This is my narrative, and as much as it has semblance to some dead image or handbook, my narrative is full of trauma that must be enunciated. You call it blaming because I am telling this to you calmly, it’s what you were taught you should do when faced with your trauma, blame it, so that, as you were taught, you can shove it aside so as to appear to be strong and therefore willing to receive more of it. Pagkamatiisin. That is your borrowed narrative.

            In my narrative I am not strong but I am vulnerable and needy. This does not make me weak; this makes me aware. What is awareness? It is the knowledge that I need an other and that many others like me have traumas too that need to be heard and enunciated. Don’t shut me up by saying I blame trauma when in fact what I am doing is far from it. I keep it beside me so I can recognize that there is something wrong in this grand sadistic narrative of overcoming, of the triumph of the individual cell. I tell you calmly, I don’t want to overcome because that will spell the end for us, individually, and not the end of the thing that caused the trauma on the first place. You say overcome. I say persist. Horrible fantastic persistence.

            I was prompted to enunciate these because I think there’s still this damaging insistent notion that all personal experiences must remain individualized and to share it is tantamount to some kind of whining or cry for attention. Ergo: weak. Believe me when I say, I have been doing this personal bravery act for the longest time and it has caused me great pain and agony, and literally much self-flagellation. I own up to these actions, and I take responsibility for them. But this doesn’t counter-act the fact that these self-destructive actions were a by-product of the trauma I received when I was a child. Contrary to popular belief, you don’t need to get over it. It is a tool that can be used, albeit a tool that you shouldn’t have really received in the first place.

            Above is a picture of my gay priest uncle in what I think is gorgeous navy blue floral long sleeves. He was always a classy dresser, until he wasn’t anymore, later in his life. I think he became a priest not to hide his sexuality but to have a sense of redemption as it were deeply ingrained in their generation that to be gay is a one-way ticket to hell. I know, I’m like, where’s that bus, girl. Her mother of course also rejected his homosexuality, and when grandmother died, I think he died with her too because I know for a fact that he loved and adored his mother dearly. He then became increasingly alcoholic. I was terrified of Uncle Father, that’s what we used to call him. Aside from his then increasing alcoholism, his latent Spanish upbringing also caught up with him and he would hit us, his nieces and nephews. Especially me, he hit me the most.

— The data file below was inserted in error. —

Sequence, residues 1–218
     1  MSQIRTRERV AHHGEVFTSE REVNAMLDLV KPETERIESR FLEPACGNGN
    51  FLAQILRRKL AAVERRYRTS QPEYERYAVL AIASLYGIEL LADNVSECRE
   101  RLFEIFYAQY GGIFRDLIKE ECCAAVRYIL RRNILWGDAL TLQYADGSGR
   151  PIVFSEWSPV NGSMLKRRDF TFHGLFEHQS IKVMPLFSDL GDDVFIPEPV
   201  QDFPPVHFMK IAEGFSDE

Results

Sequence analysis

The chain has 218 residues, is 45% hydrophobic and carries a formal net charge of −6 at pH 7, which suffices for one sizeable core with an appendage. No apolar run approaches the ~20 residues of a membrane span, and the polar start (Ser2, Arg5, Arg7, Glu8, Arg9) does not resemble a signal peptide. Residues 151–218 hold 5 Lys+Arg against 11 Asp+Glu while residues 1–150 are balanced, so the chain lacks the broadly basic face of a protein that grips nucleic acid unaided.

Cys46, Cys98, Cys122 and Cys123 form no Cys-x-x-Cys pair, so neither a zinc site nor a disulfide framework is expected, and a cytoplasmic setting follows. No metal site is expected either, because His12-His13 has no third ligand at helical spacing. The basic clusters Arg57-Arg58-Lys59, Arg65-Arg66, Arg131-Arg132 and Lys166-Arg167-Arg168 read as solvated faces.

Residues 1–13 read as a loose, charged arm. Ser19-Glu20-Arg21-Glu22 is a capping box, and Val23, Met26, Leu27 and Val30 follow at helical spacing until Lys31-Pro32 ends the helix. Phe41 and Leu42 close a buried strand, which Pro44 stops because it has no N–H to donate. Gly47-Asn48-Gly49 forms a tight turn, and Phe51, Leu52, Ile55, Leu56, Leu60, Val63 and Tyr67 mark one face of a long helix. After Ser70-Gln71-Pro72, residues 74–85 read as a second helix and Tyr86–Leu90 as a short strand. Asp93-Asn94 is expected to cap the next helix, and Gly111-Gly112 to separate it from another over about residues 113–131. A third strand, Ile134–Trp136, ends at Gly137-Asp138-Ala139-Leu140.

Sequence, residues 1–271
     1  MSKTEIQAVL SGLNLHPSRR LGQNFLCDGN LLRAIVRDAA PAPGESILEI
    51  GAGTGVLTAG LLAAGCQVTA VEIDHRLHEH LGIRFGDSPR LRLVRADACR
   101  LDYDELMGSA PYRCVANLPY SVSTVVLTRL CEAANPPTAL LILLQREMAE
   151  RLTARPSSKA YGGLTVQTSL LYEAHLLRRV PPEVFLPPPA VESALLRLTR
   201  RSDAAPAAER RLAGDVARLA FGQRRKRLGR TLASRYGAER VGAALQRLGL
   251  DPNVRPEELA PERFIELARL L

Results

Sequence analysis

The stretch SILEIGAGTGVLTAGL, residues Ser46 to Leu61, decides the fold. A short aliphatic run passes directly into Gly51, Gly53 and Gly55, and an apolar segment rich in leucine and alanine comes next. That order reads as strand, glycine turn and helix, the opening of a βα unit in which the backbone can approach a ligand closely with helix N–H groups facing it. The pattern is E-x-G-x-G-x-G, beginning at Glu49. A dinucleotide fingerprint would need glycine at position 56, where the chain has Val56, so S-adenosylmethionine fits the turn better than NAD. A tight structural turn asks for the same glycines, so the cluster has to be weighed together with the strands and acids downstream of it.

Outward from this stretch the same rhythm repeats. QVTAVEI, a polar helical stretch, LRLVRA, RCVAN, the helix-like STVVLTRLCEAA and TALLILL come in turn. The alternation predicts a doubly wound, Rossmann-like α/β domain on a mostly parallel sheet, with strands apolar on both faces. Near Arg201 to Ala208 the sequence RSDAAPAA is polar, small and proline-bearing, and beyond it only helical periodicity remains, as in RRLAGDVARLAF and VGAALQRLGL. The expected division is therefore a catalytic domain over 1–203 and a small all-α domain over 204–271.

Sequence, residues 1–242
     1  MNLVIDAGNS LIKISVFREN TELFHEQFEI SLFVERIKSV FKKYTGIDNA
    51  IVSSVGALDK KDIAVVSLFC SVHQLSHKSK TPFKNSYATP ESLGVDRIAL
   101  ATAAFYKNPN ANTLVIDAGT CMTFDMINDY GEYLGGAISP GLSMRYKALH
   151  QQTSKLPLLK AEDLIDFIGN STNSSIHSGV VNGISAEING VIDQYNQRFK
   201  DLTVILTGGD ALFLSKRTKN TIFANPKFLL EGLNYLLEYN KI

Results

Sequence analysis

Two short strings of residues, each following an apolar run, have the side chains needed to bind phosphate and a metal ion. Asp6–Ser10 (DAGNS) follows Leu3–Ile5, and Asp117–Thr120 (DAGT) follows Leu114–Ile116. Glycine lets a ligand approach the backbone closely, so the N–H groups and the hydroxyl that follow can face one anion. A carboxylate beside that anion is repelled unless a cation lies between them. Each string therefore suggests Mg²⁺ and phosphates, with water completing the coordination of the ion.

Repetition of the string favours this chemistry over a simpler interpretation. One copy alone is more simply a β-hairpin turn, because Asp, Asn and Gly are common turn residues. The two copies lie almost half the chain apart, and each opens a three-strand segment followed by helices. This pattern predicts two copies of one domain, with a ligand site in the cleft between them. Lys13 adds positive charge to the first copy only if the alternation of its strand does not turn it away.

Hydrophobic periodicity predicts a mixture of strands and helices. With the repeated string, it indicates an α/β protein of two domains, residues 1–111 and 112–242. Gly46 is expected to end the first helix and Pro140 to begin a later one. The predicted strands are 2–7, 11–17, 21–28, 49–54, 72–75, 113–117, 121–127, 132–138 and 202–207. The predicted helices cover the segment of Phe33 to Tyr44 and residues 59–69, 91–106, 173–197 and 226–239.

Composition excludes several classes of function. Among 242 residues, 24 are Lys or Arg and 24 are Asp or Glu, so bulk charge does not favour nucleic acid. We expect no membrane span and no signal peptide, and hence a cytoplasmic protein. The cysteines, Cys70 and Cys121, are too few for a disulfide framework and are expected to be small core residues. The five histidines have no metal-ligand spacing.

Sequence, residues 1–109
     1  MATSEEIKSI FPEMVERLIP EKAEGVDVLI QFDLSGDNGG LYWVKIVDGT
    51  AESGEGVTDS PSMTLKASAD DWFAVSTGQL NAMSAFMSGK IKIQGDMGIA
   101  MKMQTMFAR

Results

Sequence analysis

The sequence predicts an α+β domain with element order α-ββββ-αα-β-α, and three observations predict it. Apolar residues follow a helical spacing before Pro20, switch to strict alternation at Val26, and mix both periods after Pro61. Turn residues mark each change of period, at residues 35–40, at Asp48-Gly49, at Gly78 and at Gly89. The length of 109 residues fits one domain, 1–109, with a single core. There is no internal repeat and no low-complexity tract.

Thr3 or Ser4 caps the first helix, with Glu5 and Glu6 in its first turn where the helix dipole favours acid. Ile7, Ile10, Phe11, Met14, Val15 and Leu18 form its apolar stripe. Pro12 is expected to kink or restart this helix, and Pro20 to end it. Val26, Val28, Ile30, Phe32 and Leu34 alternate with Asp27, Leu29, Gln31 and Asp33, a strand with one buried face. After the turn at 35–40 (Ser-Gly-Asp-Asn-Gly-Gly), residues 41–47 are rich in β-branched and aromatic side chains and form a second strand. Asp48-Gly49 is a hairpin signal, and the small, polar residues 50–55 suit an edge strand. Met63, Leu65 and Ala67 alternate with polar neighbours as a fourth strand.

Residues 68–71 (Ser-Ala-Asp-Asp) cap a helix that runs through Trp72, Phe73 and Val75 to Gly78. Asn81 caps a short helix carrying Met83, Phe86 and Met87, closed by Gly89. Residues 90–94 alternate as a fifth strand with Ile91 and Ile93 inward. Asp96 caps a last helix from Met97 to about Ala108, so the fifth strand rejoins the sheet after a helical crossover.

I think he recognized in me something that he also wanted to banish from within himself, something he was taught to reject because it was dirty and evil. And also because I think he knew that I was watching him and that all his attempts on romance with the young men he cared for were doomed because they would all go on to have wives and children. My parents never failed to warn me about “that kind of life”. That it was a sad life, a terrible life. (That is, compared to their so-called happy nuclear family existence). They made it sound so awfully dreadful. While they also actually allowed for me to be hit when Uncle Father took his aggression and frustrations on me whenever he would come to visit. I also actually think they thought I deserved it.

            Uncle Father died in 2010, four years after my father died. I saw these two men in their deathbeds. Uncle Father died of self-inflicted alcohol poisoning (and years later I would raid his best kept wines; they didn’t last a week). He was on his way to some priest convention in Rome. Ha. I have no love for that man. But also, no contempt. I was just so relieved when he finally perished.

            It took me 35 years to see who I really am, and I am still in the process of untangling myself from these traumas. They’re not burdens you see, they actually have a lightness to them, and that is why they stay with you because just when you think you’ve gotten rid of all of it, there’s still some loose change in your pocket.

            So: if you happen to have queer/bakla/tomboy/trans sons and daughters, nieces and nephews, a young queer bunso, do not be afraid of them or who they will become. Do not change them for if you do something might get broken that will take a lifetime to mend. They are not broken and they are fine. And be kind to them, please, be gentle and sincere. And if some unwavering belief or some trauma was inflicted on you by that terrible belief and that is somewhat stopping you from being kind and gentle, don’t take it out on them, they’re children for fuck’s sake. Forgive yourself if you’re having a hard time because not everyone is really meant and equipped to be a parent or a functional adult, and then realizing this try to be a better parent and adult than those who have come before you. Remember, empathy is learned because it is a shared experience. But most of all, you know, just love them and care for them and protect them and be on their side always, and just love them and care for them and that will be joyous, and that will be enough.